Letters to the editor: 15/02/17

(16 February, 2017)

Brexit, air pollution, and a tribute to the late Mr Arif

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It was an honour to host Mr Arif’s wake

I have always felt lucky to have grown up in the 1950s / 60s in Dockhead, Bermondsey – great times, so many wonderful people and families.

And that was marked last week with the funeral of Yusuf (Yos) Arif.

The Arifs were one of these families that have great respect in the area.  It was therefore an honour for us to be told that Yos’s wish was for us to hold his wake in the Ship Aground pub.

He was one of the most loved and respected men you could ever meet and I have great pride that the Ship Aground was his local pub.

We will never have a busier day and appreciate all the praise we received.  It was a great relief that his lovely girls had the faith in us to hold their great dad’s wake.

Finally we must thank the following, as whilst we received the praise without the following people it could not be done.  A big thank you to John, Kellie, Emma, Katie, Charlotte, Theresa, Light Ale Pete, Roy, Paul Sawyer, John Sutton, John Donovan and Ferrett.

Mickey Jarman Senior, Ship Aground, Bermondsey

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Hughes on whose to blame for Brexit

I respect the EU referendum result even though I, like a large majority in Southwark, voted for the UK to stay in the European Union.

But the new MP for Bermondsey and Old Southwark has now this month suggested in parliament that -of all least likely explanations – it is Liberal Democrats who are partly responsible for the Brexit referendum victory. My successor suggested that immigration became a proxy for issues like pressure on the NHS, and the inability to see a doctor and get the right class sizes, owing to policies which Liberal Democrats supported which squeezed public services and meant that people looked for someone else to blame. This MP seems to be desperate to forget some recent history.

First our new MP successfully nominated Mr Corbyn in 2015 to be Labour leader. But while Mr Farron and Liberal Democrats campaigned enthusiastically for ‘remain’ Mr Corbyn was so often absent from the ‘remain’ campaign or so low profile as to be almost invisible. If Labour had been enthusiastic or effective, the result could and almost certainly would have been different.

Second, one of the policies which put most pressure on the UK in the last decade was Labour’s government decision not to phase in freedom of movement of citizens from Poland and the other nine new EU countries in 2004 – which led quickly to many times more immigrants from Poland than predicted.

And third, in spite of the dreadful national economic circumstances when Labour lost office in 2010, independent figures show £4 billion extra in real terms for our NHS from 2010 to 2014 after Liberal Democrats joined government (and with extra money for carers and child and adolescent mental health), and almost £2.5 billion more for pupil premiums for each disadvantaged pupil as well as real term increased school spending – and redistributed to more deprived schools. And I could also remind people of Labour’s national record on building council and social housing.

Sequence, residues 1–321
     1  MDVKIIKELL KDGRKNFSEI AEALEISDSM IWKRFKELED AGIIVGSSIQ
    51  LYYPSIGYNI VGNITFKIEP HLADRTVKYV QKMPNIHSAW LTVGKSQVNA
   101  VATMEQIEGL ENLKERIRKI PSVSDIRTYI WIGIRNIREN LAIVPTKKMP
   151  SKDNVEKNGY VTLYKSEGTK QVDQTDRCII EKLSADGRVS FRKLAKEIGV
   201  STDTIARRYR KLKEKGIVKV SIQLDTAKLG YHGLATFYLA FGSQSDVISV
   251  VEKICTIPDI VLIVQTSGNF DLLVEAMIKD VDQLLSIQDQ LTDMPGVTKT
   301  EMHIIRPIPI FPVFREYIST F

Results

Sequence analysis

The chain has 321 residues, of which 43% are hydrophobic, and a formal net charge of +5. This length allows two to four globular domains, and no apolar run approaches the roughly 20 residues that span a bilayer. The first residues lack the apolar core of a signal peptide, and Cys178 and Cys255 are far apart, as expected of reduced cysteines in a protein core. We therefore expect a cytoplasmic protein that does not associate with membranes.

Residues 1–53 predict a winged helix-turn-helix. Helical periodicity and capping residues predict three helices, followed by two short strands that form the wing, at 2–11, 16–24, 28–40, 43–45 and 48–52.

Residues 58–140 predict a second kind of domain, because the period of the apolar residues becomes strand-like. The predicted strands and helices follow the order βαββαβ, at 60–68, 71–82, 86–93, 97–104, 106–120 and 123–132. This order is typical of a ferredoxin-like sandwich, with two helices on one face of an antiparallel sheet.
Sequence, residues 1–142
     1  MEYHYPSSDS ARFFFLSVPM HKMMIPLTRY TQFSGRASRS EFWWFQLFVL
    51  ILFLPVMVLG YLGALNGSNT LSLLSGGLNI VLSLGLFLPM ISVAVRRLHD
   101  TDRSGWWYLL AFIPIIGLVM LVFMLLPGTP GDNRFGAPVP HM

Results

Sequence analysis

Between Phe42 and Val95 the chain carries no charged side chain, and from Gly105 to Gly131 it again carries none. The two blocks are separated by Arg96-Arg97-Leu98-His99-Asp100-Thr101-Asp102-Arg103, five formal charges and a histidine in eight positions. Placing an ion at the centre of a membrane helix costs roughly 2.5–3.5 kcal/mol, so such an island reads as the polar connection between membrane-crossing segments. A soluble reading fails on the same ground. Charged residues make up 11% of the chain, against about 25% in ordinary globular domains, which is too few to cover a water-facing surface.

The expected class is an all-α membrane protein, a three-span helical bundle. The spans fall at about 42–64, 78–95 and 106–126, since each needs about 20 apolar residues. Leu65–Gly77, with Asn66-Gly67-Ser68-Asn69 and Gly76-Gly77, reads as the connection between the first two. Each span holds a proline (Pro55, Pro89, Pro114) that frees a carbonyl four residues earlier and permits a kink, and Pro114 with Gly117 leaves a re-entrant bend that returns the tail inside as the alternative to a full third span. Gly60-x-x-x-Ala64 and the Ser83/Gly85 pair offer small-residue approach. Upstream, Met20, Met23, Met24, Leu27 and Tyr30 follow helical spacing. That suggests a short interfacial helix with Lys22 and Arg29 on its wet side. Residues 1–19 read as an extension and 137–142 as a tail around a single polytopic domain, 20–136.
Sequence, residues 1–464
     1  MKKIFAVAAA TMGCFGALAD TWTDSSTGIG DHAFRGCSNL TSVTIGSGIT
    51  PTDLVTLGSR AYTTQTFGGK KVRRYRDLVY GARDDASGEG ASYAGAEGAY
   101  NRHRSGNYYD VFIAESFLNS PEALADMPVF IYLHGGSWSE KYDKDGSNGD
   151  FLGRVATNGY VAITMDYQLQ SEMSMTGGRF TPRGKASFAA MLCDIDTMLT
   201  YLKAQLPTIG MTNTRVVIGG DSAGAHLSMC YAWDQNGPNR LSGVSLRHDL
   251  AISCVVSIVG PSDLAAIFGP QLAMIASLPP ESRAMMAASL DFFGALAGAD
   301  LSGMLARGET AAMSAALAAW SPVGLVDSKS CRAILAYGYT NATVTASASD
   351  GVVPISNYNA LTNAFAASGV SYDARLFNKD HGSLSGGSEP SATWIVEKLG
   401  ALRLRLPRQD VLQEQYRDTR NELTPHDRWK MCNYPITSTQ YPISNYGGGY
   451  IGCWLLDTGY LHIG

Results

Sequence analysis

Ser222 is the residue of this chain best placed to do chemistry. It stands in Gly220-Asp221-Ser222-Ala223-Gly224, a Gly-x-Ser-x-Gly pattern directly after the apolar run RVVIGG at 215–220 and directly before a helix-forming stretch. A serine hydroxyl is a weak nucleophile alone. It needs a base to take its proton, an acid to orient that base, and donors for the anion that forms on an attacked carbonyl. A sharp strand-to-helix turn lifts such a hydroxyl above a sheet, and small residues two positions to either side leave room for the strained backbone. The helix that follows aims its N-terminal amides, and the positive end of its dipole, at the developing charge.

Of course Liberal Democrats got far from everything we wanted in coalition with the Conservatives. But we always were and are committed enthusiastic Europeans as well as committed campaigners for our communities.

Labour have just voted with the Conservatives to start UK withdrawal from the EU. If Mr C wants to ‘blame’ someone for the Brexit vote, he and Labour should take their big share of the blame – not try to rewrite history.

Simon Hughes, Liberal Democrat prospective parliamentary candidate, Bermondsey and Old Southwark.

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Reducing exposure to air pollution

Thank you for highlighting the air pollution health emergency (Southwark News editorial and front page,  2 February).

We are now enduring yet another episode of high air pollution. Eyes and throats are sore. Hacking coughs linger. Asthma attacks are more frequent. Schools keep children indoors to protect them. Older people and those with heart and lung problems are advised to cut down on everyday activities.

We now know air pollution is linked to heart attacks, stroke, diabetes and dementia. Are we saying nothing can be done?

Southwark Council’s Air Quality plan is weak and lacks detail. Southwark Green Party has called on the council to take immediate action, giving many concrete suggestions. For example, the council could: stop buying diesel vehicles for its own fleet, educate all its drivers on turning off engines when stopped, and create protected routes and traffic-free zones outside schools so parents and children feel safe to walk, cycle and scoot.

Many residents also took the time to respond to the council with their own heartfelt calls for action and thoughtful comments. Some of these can be found on www.southwarkgreenparty.org.uk/news, along with five tips on how to reduce your personal exposure to air pollution.

It is time for action at all levels.

Eleanor Margolies and Phil Vabulas, Co-chairs, Southwark Green Party

 

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